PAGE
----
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Fear of a design flaw in the rocket that will replace the shuttle

A computer simulation of the planned Ares 1 rocket, which is supposed to put crew members into orbit around the Earth, showed that it could shake and explode during launch

The Ares-1 missile is expected to shake strongly
The Ares-1 missile is expected to shake strongly
Engineers warn of a serious danger of vibrations in NASA's future manned launch vehicle - Orion - which is supposed to fly into space for the first time in 2015. The danger of vibrations and vibrations is so serious that, according to calculations, it could destroy the rocket and the spacecraft on it. So claims the engineering professor from Carnegie Mellon University, Paul Fishenbeck.

The head of NASA, Michael Griffin, recently said that it is clear to him that a manned vehicle that is supposed to replace the space shuttle will present difficulties and challenges to the space agency's engineers. "NASA has an excellent past of overcoming technical difficulties and challenges, and I'm sure it will be the same in this case," Griffin noted in a conversation with the AP news agency.

The launcher "Ares 1" (Ares 1) is being developed as part of a program whose cost is estimated at one hundred billion dollars, and which will allow NASA to return to the moon with astronauts, in 2020. Remember, the last astronauts to visit the moon were the crew members of the Apollo 17 spacecraft, and that was in December 1972 .

The vibrations are supposed to be created as a result of the flow of hot gas from the rocket engine of the first stage of the Ares 1, 2 missile, and the concern is about their effect on what is in the upper part of the missile - and especially the manned "Orion" spacecraft. The vibration problem was identified by NASA and is common in solid fuel powered launch vehicles. The shock waves generated during engine operation may equal the natural resonant frequency of the rocket engine itself, and lead to extremely intense vibration, which in some cases can lead to the destruction of the entire missile.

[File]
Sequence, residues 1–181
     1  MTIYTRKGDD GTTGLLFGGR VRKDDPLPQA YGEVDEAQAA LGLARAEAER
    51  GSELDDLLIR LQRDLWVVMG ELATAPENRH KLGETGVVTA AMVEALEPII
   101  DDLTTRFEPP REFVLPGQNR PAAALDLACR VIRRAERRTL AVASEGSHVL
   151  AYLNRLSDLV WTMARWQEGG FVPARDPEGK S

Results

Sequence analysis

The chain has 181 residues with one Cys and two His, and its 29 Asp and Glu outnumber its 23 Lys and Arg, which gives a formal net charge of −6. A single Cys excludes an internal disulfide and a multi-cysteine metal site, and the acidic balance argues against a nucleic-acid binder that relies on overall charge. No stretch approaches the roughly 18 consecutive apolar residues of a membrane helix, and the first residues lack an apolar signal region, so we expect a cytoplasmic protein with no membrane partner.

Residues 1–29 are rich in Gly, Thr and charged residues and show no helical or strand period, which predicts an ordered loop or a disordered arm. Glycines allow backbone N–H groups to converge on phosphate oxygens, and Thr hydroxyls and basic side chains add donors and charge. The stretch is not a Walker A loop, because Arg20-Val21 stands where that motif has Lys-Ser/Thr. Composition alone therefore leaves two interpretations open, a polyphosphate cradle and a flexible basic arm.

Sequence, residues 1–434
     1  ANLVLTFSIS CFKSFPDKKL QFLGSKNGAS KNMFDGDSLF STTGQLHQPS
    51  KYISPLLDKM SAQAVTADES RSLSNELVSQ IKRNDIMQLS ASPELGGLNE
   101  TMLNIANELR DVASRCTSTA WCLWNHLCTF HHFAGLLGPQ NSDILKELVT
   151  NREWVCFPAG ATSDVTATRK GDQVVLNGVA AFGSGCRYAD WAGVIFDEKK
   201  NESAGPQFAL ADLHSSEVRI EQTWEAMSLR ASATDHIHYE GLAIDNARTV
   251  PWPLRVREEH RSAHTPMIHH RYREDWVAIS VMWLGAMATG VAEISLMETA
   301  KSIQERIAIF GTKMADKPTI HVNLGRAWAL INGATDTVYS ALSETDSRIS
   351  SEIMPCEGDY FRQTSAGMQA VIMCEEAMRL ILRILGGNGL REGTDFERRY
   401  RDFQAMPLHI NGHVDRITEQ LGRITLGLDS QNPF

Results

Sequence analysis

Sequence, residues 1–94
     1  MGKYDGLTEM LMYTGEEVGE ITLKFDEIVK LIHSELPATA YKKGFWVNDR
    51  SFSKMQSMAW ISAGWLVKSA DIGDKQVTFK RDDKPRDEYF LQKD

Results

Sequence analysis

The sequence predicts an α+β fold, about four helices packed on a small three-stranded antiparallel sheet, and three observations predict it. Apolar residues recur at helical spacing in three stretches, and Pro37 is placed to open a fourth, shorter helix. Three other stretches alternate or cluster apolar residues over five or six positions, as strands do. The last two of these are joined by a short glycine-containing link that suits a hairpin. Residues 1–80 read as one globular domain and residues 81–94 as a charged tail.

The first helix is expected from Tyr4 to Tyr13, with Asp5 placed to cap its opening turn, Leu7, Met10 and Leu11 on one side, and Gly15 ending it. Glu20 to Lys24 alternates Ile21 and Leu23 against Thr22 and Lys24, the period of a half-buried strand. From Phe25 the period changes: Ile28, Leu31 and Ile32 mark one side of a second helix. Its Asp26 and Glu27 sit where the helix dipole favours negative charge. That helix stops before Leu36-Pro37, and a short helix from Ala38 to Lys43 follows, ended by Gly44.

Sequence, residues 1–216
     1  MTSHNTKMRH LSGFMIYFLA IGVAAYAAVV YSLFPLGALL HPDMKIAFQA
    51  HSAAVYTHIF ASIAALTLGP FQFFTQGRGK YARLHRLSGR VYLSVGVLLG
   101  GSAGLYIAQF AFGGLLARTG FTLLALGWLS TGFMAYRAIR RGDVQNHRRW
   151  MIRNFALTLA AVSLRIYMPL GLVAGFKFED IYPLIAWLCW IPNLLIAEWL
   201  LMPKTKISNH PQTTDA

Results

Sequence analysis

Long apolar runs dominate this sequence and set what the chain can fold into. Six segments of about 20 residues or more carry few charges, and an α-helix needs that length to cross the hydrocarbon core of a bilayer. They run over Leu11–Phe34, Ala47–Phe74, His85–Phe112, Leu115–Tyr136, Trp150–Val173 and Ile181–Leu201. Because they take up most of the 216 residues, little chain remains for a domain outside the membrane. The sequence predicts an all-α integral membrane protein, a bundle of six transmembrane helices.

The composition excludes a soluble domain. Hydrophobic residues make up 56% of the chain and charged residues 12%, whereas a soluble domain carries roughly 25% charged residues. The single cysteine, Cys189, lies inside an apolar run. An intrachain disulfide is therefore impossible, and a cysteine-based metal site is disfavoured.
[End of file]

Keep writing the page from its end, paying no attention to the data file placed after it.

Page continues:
NASA did not publicly address the vibration problems in the new rocket, until the AP News Agency made use of the Freedom of Information Act and forced NASA to respond. NASA engineers estimate that the danger of tremors is serious, and gave it a score of 5 out of 5 on the severity scale. Professor Fischenbeck stated that according to the information he has, the tremors are supposed to occur and this will lead to disaster, if they do not take quick steps to redesign the main components of the missile. The solid fuel engine of the Orion rocket will be built by ATK Launch Systems from Utah, USA, which built and continues to manufacture the solid fuel boosters for the space shuttles.

More of the topic in Hayadan:
The next fifty years in space
NASA has completed the survey of requirements for the Ares 1 missile

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